Two terrific examples of this kind of attention are the short, sharp essays in Ross Gay’s collection The Book of Delights (Algonquin Books, 2019) and Sonya Huber’s memoir Supremely Tiny Acts (Mad Creek, 2021). In The Book of Delights, Gay chronicled the delights around him as a project. He set rules: “Write a delight every day for a year; begin and end on my birthday, August 1; draft them quickly; and write them by hand” (xi). The book is almost a textbook study of what we are arguing here—a close focus on everyday minutia. Each vignette is a story in and of itself, and can often speak for itself. However, as with any excellent essay collection, the essays gain even more power in their juxtaposition and accumulation. In examining the delights in his life, the book becomes a story about what delight means, and what is meaningful in our lives. That is the power of examining these details.
Gay’s essays often honor the quotidian sensory, as well as daily artifacts made exquisite by his attention. For example, the delights build in this cascading list of observed joys: “A fly, its wings hauling all the light in the room, landing on the porcelain handle as if to say, ‘Notice the precise flare of this handle, as though designed for the romance between the thumb and index finger that holding a cup can be.’ Or the peanut butter salty enough. Or the light blue bike the man pushed through the lobby. Or the topknot of the barista. Or the sweet glance of the man in his stylish short pants (well-lotioned ankles gleaming beneath) walking two little dogs. Or the woman stepping in and out of her shoe, her foot curling up and stretching out and curling up” (Gay 3). Gay allows his mind to focus on what it wants to focus on, while telescoping down to the specific. In the light of his focused attention, these details become important, even life-changing.
In the flash essay “Hickories,” Gay’s attention to what might be described as mundane conversation, small talk, becomes a story about much more—it places each human life on a continuum with all it did not and will not witness. Gay writes,
My friend Michael and I met today to put together the order for the nut grove the city has asked the Community Orchard to plant and oversee. Hazelnuts, pecans, buartnuts (a mix of heartnut and butternut), hickories. ‘How long until the hickories start making their fruit?’ I asked Michael. He said, ‘Oh, they’ll be in full production in about 200 to 250 years.’ (141)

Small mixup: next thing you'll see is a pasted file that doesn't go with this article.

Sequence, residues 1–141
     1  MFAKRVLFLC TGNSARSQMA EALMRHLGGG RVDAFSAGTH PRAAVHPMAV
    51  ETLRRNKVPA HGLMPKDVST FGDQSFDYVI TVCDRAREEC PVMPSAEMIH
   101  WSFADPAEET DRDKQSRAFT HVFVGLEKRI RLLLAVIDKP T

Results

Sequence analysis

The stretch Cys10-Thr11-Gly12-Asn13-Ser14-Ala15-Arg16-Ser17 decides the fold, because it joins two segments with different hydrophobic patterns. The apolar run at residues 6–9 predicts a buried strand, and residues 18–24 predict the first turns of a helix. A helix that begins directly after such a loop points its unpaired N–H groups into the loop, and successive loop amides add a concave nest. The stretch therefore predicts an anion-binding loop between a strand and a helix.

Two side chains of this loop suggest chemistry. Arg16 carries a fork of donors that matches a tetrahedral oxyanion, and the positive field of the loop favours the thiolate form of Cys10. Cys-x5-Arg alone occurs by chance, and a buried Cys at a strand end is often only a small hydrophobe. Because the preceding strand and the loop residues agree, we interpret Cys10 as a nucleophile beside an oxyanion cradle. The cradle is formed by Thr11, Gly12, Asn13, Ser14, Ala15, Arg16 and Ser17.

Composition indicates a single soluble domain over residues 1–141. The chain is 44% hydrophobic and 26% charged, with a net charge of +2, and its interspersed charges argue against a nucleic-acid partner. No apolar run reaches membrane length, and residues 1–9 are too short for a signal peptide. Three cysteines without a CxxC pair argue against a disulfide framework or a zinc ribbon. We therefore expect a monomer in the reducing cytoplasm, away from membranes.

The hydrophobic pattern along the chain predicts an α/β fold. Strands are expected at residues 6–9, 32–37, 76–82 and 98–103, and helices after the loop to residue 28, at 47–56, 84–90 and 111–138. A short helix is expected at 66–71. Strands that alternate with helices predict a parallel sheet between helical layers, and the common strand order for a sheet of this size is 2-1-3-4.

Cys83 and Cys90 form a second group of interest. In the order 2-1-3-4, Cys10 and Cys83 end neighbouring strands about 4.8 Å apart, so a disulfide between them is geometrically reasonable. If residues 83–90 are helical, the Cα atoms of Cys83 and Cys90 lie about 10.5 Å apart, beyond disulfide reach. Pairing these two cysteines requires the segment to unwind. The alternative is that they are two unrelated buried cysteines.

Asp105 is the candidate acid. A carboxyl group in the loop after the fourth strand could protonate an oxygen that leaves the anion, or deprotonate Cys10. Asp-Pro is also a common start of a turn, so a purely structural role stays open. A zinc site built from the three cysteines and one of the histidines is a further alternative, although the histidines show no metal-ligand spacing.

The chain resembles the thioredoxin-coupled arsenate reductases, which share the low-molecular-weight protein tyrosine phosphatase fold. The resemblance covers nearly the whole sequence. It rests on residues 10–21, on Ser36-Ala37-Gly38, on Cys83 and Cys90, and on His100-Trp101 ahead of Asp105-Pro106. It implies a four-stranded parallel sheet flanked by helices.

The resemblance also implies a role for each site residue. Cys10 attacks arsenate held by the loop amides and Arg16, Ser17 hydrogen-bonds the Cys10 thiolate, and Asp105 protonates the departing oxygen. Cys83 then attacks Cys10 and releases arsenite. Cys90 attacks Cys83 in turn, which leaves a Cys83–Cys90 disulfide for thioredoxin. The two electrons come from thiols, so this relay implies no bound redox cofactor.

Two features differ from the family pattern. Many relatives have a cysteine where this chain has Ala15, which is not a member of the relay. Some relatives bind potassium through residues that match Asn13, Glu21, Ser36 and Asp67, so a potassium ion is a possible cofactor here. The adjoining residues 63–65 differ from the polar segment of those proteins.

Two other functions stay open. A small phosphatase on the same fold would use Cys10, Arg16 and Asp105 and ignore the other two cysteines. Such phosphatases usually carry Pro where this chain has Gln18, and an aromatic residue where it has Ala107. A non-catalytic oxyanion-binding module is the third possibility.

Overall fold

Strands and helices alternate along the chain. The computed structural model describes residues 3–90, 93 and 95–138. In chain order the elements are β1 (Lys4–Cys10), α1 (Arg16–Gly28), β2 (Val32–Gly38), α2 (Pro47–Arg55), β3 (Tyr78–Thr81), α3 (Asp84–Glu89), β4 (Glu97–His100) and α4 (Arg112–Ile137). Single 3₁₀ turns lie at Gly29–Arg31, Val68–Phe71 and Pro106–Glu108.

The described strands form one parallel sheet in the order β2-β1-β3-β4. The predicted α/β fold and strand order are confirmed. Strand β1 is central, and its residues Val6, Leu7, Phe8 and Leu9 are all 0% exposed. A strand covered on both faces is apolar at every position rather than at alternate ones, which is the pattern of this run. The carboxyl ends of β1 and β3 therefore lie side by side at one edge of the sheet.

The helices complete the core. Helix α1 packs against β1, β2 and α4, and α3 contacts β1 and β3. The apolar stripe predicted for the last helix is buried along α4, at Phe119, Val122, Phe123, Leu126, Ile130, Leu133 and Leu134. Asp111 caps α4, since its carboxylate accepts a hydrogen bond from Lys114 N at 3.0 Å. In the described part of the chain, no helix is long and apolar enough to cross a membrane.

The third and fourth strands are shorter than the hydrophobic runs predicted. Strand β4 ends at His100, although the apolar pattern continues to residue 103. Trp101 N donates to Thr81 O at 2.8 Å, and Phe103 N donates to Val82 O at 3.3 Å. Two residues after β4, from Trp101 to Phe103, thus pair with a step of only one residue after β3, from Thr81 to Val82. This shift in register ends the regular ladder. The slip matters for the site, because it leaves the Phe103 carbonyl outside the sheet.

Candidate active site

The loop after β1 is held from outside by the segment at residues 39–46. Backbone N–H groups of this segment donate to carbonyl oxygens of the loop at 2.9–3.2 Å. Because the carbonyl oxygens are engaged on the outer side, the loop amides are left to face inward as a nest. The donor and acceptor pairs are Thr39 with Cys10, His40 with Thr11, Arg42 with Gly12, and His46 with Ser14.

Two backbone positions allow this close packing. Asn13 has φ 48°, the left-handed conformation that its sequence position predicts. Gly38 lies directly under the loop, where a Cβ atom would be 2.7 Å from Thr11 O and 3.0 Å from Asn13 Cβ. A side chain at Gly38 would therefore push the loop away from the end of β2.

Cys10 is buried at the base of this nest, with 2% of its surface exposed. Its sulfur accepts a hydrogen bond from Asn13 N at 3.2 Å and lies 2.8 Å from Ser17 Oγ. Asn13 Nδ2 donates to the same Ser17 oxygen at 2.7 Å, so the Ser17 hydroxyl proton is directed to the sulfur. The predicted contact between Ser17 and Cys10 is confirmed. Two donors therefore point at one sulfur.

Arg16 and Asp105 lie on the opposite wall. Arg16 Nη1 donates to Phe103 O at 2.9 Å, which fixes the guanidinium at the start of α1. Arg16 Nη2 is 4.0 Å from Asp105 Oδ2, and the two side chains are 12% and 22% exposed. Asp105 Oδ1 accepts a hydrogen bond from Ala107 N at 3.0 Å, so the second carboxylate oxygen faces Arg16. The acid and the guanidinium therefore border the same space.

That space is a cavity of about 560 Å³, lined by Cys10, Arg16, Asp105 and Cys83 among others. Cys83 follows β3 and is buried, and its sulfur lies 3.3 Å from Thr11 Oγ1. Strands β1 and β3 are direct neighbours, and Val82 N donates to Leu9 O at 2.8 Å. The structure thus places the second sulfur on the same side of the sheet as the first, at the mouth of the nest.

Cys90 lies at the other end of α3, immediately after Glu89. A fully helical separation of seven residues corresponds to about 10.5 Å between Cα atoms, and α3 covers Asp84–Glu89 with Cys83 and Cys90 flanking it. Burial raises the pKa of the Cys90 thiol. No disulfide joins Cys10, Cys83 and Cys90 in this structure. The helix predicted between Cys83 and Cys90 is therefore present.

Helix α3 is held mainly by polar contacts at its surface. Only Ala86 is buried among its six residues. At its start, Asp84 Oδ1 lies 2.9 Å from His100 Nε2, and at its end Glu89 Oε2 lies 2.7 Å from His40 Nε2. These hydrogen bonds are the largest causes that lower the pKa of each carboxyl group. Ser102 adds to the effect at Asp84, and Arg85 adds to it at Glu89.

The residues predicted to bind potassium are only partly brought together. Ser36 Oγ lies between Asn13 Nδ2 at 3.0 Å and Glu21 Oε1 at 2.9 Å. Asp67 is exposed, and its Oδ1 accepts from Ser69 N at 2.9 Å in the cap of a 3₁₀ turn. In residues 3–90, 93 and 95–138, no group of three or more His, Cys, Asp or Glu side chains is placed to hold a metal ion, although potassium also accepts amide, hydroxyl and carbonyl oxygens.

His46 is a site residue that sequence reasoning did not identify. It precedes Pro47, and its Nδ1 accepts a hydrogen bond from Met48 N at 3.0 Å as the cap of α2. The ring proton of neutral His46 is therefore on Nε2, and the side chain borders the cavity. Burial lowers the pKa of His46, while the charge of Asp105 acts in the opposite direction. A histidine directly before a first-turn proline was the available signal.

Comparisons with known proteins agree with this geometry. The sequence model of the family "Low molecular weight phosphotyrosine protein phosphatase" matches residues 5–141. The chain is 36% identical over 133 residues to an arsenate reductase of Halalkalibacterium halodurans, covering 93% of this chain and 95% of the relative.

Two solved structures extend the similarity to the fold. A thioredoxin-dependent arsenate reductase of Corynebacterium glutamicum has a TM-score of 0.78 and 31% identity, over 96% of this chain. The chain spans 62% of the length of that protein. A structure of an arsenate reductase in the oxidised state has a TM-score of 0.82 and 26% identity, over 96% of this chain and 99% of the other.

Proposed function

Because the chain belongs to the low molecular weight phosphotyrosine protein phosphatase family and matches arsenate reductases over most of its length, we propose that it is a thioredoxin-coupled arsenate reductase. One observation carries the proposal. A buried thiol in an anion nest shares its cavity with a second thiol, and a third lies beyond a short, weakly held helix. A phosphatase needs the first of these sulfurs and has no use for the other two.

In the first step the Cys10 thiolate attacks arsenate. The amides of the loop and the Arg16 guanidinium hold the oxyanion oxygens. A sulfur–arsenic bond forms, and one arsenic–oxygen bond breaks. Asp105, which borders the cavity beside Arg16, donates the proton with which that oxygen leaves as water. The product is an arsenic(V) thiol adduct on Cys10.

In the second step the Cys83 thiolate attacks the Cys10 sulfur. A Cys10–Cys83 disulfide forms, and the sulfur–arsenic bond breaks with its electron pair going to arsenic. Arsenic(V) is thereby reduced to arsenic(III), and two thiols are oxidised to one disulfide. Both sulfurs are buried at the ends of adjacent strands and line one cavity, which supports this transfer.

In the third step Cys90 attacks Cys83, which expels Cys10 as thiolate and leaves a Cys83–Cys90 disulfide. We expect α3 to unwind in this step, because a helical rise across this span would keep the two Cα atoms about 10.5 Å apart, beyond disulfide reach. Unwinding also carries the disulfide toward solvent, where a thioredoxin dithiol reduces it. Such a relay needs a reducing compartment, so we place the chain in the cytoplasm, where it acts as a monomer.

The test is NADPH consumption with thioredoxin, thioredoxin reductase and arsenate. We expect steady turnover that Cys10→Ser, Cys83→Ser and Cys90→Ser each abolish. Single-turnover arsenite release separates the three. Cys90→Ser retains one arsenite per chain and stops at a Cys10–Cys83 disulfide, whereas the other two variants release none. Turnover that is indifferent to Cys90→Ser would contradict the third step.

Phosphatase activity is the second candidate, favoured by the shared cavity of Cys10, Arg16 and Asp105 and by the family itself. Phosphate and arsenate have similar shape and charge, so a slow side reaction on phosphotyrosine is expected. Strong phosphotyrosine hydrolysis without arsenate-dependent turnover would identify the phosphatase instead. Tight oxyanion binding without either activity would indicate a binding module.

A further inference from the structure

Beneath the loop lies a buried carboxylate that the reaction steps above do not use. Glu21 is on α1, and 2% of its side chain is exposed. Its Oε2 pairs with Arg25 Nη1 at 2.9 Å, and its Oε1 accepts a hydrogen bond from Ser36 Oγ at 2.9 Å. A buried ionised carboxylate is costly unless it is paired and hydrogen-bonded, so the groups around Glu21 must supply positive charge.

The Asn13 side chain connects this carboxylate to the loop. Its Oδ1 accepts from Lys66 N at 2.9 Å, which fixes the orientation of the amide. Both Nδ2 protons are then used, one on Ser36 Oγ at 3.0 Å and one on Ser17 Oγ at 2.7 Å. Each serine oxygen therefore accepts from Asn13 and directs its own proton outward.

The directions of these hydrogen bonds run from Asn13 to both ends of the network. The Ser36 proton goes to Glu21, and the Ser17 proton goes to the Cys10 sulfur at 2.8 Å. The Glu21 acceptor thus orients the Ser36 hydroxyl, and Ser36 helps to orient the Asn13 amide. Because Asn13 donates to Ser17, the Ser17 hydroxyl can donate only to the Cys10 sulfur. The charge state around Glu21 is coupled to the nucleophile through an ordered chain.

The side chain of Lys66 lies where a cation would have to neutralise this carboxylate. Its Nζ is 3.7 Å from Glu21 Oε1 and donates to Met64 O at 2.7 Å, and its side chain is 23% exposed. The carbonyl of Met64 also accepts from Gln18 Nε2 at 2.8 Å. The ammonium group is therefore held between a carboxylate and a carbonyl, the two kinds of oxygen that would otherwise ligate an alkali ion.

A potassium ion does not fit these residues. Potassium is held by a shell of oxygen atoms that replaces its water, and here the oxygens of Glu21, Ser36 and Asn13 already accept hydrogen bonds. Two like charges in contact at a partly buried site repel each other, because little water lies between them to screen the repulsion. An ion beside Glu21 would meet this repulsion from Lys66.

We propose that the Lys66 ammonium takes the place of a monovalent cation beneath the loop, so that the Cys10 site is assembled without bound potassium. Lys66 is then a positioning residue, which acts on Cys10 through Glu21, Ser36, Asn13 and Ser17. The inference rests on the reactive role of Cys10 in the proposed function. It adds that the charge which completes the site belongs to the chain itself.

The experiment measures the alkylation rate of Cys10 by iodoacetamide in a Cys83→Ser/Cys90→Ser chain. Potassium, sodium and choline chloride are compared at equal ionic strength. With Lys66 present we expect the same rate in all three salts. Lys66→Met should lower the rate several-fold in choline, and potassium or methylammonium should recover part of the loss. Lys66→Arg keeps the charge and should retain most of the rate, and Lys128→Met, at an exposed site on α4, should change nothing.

Without Gay’s attention, this would simply be a piece of trivia. Because of Gay’s attention, this conversation snippet becomes an essay that, combined with the rest of his delights, tells a story of impossible beauty finding its way even through horror, of hope, of embracing the mystery of trust. Plant something now and have faith it will outlive you.
Like Gay’s near-daily essayettes, Sonya Huber’s Supremely Tiny Acts is also a formal experiment in closely observing the quotidian in search of truth, whether sublime, infuriating, cautiously hopeful, or bittersweet. Supremely Tiny Acts is subtitled “a memoir of a day,” but the back cover describes it as a “book-length essay.” Both forms feel taxonomically correct. The book’s dramatic present is a straightforward narrative chronicling Huber’s day—November 19, 2019, to be exact—at court following her arrest at a climate protest weeks earlier, and then taking her teenage son to get his learner’s permit.
But Huber’s detailed scenes—getting to the train from her Connecticut town to New York City (where the protest was held), grading her students’ essays on the commute, navigating Grand Central’s food court, selecting a gift for her son at a Buddhist shop, sitting with him in the DMV’s complicated waiting area, which confuses everybody—become gateways. Some gateways open into flashbacks of the protest, including Huber’s ten hours sitting in a jail cell with her fellow arrestees; or into meditations on Huber’s grading, “which requires a kind of extended opening of my soul’s eyeball or ear”; or into memories of a childhood spent under the mercurial skies of the Midwest; or into questions about the equity of activism that relies on the kind of free time and social protection of most associated with white privilege; or into righteous rants about the impossibility of a mother, wife, writer, and teacher to meet everyone’s expectations, including and especially her own (Huber 51). The narrative spine of the book anchors Huber’s rich digressions, but it’s the digressions that illustrate the vastness of our human existence even as we eat tacos from a plastic container, play games on our phones, or locate the right coat to guard against the temperature outside.